tue 21/05/2024

St John Passion, Bachfest Leipzig livestream review - pocket quarantine gospel | reviews, news & interviews

St John Passion, Bachfest Leipzig livestream review - pocket quarantine gospel

St John Passion, Bachfest Leipzig livestream review - pocket quarantine gospel

A tenor sings all bar the chorales, with percussion and organ/harpsichord accompaniment

Unusual trinity: percussionist Philipp Lamprecht, tenor Benedikt Kristjánsson and organist Elina Albach

Bach, being The Greatest, can take any amount of adaptation. I'm especially addicted, for instance, to CDs on which the Japanese percussionist Kuniko plays cello suites and violin sonatas on the marimba.

So it was going to be fascinating to hear a truncated St John Passion for Good Friday arranged, in this needs-must time, for percussion and harpsichord/organ, with a tenor taking all the lines bar the chorales, livestreamed by ensembles which would have participated in this year's Bachfest in Leipzig plus a vocal quintet in the same church, the Thomaskirche for which Bach wrote his great passions and his two cycles of endlessly inventive cantatas.

Sometimes, it was weird beyond the call of duty, After the quintet, with a lone cellist uncomfortably close to one of the singers (had they all been tested?), performed a very boring introit by Kuhlau, we were off into a strange adventure of Bach as you never heard him before. The long-haired figure who seemed to be conducting percussionist Philipp Lamprecht and organist Elina Albach turned out to be tenor Benedikt Kristjánsson, who sang just one single line of the opening chorus. Not only that, but in true Bully Bottom style he went on to play Evangelist, Christ, Pilate, Maid and Crowd – this last most extraordinarily, a kind of Sprechstimme, more speech than song, while the range of "tongs and bones" rattled away. Much of it worked, but there was no disguising an under-supported technique not equal to every challenge. And the hand gestures seemed more those of a politician going through carefully-trained motions than a match for much of the expressive singing.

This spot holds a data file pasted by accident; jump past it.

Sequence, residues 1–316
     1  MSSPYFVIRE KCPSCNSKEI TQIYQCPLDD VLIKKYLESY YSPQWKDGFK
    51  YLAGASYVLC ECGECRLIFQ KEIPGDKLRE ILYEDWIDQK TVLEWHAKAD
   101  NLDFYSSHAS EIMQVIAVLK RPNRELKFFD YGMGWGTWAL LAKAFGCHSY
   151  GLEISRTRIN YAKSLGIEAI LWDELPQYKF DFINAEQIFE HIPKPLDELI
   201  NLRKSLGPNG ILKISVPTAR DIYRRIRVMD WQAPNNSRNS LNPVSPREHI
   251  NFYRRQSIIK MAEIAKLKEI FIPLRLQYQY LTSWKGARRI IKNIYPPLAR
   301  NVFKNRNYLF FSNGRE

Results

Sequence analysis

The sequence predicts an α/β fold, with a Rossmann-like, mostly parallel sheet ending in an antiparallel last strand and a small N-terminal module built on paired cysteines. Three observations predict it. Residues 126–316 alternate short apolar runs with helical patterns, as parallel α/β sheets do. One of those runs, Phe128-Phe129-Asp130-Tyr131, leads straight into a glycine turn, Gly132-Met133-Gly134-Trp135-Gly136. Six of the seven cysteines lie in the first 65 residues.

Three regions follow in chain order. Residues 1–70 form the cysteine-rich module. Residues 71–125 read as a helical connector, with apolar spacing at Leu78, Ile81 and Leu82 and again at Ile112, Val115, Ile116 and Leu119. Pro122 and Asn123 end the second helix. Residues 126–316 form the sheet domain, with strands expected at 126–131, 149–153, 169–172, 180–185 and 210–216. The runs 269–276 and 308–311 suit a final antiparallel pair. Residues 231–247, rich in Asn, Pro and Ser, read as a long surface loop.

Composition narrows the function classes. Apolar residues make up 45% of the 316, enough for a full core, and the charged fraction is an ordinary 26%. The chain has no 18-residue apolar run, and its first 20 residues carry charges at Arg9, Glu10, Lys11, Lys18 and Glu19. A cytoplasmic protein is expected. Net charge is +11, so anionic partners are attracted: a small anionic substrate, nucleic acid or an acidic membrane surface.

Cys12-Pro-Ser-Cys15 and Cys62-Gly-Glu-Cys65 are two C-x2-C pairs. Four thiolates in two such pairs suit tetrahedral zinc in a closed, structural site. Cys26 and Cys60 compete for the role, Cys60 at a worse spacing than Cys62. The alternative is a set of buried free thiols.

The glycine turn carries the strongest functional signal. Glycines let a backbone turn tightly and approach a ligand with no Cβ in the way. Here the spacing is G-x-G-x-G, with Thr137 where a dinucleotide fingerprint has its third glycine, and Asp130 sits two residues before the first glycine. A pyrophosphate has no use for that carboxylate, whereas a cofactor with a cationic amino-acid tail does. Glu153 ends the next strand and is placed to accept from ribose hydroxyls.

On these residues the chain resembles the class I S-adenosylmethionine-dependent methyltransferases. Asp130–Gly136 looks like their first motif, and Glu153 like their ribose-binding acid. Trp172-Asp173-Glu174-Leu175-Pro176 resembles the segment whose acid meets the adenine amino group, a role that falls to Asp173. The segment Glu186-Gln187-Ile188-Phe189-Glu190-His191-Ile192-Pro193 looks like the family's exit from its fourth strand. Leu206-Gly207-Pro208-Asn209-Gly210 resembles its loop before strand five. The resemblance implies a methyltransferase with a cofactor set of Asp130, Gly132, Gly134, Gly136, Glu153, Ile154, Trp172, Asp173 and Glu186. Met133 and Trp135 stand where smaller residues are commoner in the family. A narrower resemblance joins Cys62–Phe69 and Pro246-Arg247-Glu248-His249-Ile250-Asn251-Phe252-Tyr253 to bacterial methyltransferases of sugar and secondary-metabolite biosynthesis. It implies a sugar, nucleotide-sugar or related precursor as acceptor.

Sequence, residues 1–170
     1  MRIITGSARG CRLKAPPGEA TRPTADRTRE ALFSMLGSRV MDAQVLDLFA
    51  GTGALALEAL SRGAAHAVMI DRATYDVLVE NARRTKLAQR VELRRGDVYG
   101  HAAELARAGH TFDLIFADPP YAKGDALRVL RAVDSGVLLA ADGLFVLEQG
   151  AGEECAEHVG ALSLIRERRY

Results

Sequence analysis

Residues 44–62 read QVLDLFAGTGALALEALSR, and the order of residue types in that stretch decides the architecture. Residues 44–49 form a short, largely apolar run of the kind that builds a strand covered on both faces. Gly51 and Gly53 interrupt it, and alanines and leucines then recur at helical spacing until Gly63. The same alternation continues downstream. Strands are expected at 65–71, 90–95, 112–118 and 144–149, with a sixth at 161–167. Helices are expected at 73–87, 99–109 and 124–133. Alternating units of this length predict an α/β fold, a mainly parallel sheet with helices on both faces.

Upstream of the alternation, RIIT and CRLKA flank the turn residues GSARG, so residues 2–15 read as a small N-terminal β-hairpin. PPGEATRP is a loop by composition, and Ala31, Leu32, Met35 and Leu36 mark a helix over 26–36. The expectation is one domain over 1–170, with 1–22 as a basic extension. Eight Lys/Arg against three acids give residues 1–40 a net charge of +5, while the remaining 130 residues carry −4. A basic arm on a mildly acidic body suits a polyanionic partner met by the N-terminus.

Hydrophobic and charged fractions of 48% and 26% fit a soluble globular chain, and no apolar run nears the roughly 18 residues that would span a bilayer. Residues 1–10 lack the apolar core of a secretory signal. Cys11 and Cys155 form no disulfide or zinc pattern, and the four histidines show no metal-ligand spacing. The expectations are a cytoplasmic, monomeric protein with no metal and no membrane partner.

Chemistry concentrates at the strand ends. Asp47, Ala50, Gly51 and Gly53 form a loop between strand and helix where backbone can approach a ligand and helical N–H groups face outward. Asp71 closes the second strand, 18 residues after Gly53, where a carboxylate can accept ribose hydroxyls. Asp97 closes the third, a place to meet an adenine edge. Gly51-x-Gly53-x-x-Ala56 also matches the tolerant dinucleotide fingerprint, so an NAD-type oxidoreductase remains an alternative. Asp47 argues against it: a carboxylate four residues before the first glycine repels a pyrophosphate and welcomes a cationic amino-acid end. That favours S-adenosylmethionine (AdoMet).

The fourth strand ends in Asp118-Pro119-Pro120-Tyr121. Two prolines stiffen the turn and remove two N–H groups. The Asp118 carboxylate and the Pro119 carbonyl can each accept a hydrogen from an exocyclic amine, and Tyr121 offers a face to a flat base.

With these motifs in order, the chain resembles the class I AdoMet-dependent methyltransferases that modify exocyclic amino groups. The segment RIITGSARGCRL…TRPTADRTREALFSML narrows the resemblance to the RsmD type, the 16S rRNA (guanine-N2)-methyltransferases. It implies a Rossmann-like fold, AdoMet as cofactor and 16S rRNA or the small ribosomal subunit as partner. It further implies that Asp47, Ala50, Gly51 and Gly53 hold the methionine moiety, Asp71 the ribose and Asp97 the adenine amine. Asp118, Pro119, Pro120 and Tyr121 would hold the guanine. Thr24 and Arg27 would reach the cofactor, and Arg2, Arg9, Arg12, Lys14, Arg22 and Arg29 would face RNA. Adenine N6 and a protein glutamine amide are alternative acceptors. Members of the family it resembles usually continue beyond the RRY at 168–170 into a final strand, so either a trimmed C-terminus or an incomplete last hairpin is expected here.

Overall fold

Bach statue outside ThomaskircheNo praise, though, would be too high for Albach, switching adeptly from chamber organ – which just about substituted for the missing in the crucial aria "Es ist vollbracht" – to harpsichord, mostly for Pilate's utterances, or for Lamprecht, whose vibraphone playing made for an extraordinary obbligato in the soprano aria "Ich folge des Gleichfalls". Omitting five of the arias, Kristjánsson nevertheless gamely substituted for alternative voices with varying degrees of success. He could take a breather as the choirs deprived of their visits to Leipzig this year tuned in: the 20 of the Ottawa Bach Choir, seven from the BachStiftung St Gallen in Switzerland, 25 including instrumentalists from the Malaysia Bach Festival. Local voices including the Thomaserchor also contributed, and a violinist played in front of Bach's statue outside the Thomaskirche (pictured above by David Nice) though in Part Two the lion's share was taken by the church quintet.

Fitfully moving, the performance took us up several notches emotionally for the final sequence. Kristjánsson delivered portions of the outer sections in the great "Ruht wohl" chorus wordlessly and unaccompanied, adding the text only for the central sequence, before being joined – again at alarmingly close quarters – by Albach and Lamprecht to sing the final chorale. That was the catharsis we needed. I give thanks that the Bach Collegium Japan's Barbican St John Passion was able to sear those of us able to attend just before lockdown – it was one of only two dates on their tour that Masaaki Suzuki's superlative ensemble was able to fulfil – but this experience, for all its shortcomings and short cuts, will never be forgotten.

In true Bully Bottom style, Kristjánsson went on to play Evangelist, Christ, Pilate, Maid and Crowd


Editor Rating: 
Average: 3 (1 vote)

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